In quantum computers, generating more errors in a given operation may help reveal the right answer, according to new research.
Unlike conventional computers, the processing in quantum-based machines is noisy, which produces error rates dramatically higher than those of silicon-based computers. So quantum operations repeat thousands of times to make the correct answer stand out statistically from all the wrong ones.
But running the same operation over and over again on the same qubit set may just generate the same incorrect answers that can appear statistically to be the correct answer. The solution, researchers report, is to repeat the operation on different qubit sets that have different error signatures -- and therefore won’t produce the same correlated errors.
“The idea here is to generate a diversity of errors so you are not seeing the same error again and again,” says Moinuddin Qureshi, a professor in the School of Electrical and Computer Engineering at Georgia Institute of Technology, who worked out the technique with his senior PhD student, Swamit Tannu.
“Different qubits tend to have different error signatures. When you combine the results from diverse sets, the right answer appears even though each of them individually did not get the right answer,” says Tannu.
A counterintuitive idea for quantum computers
Tannu compares the technique, known as Ensemble of Diverse Mappings (EDM), to the game show Who Wants to be a Millionaire. Contestants who aren’t sure of the answer to a multiple choice question can ask the studio audience for help.
“It’s not necessary that the majority of the people in the audience know the right answer,” Qureshi says. “If even 20% know it, you can identify it. If the answers go equally in the four buckets from the people who don’t know, the right answer will get 40% and you can select it even if only a relatively small number of people get it right.”
Experiments with an existing Noisy Intermediate Scale Quantum (NISQ) computer showed that EDM improves the inference quality by 2.3 times compared to state-of-the-art mapping algorithms. By combining the output probability distributions of the diverse ensemble, EDM amplifies the correct answer by suppressing the incorrect ones.
The EDM technique, Tannu admits, is counterintuitive. Qubits can be ranked according to their error rate on specific types of problems, and the most logical course of action might be to use the set that’s most accurate. But even the best qubits produce errors, and those errors are likely to be the same when the operation is done thousands of times.
Choosing qubits with different error rates -- and therefore different types of error -- guards against that by ensuring that the one correct answer will rise above the diversity of errors.
“The goal of the research is to create several different versions of the program, each of which can make a mistake, but they will not make identical mistakes,” Tannu explains. “As long as they make diverse mistakes, when you average things out, the mistakes get canceled out and the right answer emerges.”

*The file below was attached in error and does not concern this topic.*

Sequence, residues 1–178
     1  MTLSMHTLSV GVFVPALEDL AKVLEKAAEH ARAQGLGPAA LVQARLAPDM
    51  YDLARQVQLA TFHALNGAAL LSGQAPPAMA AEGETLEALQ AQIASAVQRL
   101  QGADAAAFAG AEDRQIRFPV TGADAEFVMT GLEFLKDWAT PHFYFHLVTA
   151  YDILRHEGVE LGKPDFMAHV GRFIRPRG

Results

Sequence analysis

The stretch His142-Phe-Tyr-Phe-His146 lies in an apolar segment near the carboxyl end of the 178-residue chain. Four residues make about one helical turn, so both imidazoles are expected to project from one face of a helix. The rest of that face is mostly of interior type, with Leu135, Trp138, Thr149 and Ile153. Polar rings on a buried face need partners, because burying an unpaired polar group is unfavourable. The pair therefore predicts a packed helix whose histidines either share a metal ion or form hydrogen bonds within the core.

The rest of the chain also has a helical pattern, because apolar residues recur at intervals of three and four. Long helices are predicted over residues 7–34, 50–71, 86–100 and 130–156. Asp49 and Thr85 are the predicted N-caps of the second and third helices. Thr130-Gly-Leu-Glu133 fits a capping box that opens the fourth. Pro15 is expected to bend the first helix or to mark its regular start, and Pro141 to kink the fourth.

Qureshi compares the EDM technique to team-building techniques promoted by human resource consultants.
“If you form a team of experts with identical backgrounds, all of them may have the same blind spot,” he says, adding a human dimension. “If you want to make a team resilient to blind spots, collect a group of people who have different blind spots. As a whole, the team will be guarded against specific blind spots.”
Error rates in conventional silicon-based computers are practically negligible, about one in a thousand-trillion operations, but today’s NISQ quantum computers produce an error in a mere 100 operations.
“These are really early-stage machines in which the devices have a lot of error,” Qureshi says. “That will likely improve over time, but because we are dependent on matter that has extremely low energy and lacks stability, we will never get the reliability we have come to expect with silicon. Quantum states are inherently about a single particle, but with silicon you are packing a lot of molecules together and averaging their activity.
“If the hardware is inherently unreliable, we have to write software to make the most of it,” he says. “We have to take the hardware characteristics into account to make these unique machines useful.”
The notion of running a quantum operation thousands of times to get what’s likely to be the right answer at first seems counterproductive. But quantum computing is so much faster than conventional computing that nobody would object to doing a few thousand duplicate runs.
“The objective with quantum computers is not to take a current program and run it faster,” Qureshi says. “Using quantum, we can solve problems that are virtually impossible to solve with even the fastest supercomputers. With several hundred qubits, which is beyond the current state of the art, we could solve problems that would take a thousand years with the fastest supercomputer.”
“You don’t mind doing the computation a few thousand times to get an answer like that,” Qureshi adds.
The researchers will present their work at the 52nd Annual IEEE/ACM International Symposium on Microarchitecture. Microsoft supported the research.
This article first appeared on Futurity.
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